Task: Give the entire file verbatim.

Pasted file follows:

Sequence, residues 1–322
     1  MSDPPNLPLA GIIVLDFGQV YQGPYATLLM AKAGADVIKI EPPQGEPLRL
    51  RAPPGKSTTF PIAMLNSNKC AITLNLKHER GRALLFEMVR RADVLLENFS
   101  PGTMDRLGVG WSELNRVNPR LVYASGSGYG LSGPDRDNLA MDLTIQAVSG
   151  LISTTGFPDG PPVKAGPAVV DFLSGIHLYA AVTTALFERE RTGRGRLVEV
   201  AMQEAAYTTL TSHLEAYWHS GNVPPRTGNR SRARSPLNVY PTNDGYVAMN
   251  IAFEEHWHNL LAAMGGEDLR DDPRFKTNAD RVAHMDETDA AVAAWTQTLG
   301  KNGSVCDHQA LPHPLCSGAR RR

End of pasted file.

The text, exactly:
Sequence, residues 1–322
     1  MSDPPNLPLA GIIVLDFGQV YQGPYATLLM AKAGADVIKI EPPQGEPLRL
    51  RAPPGKSTTF PIAMLNSNKC AITLNLKHER GRALLFEMVR RADVLLENFS
   101  PGTMDRLGVG WSELNRVNPR LVYASGSGYG LSGPDRDNLA MDLTIQAVSG
   151  LISTTGFPDG PPVKAGPAVV DFLSGIHLYA AVTTALFERE RTGRGRLVEV
   201  AMQEAAYTTL TSHLEAYWHS GNVPPRTGNR SRARSPLNVY PTNDGYVAMN
   251  IAFEEHWHNL LAAMGGEDLR DDPRFKTNAD RVAHMDETDA AVAAWTQTLG
   301  KNGSVCDHQA LPHPLCSGAR RR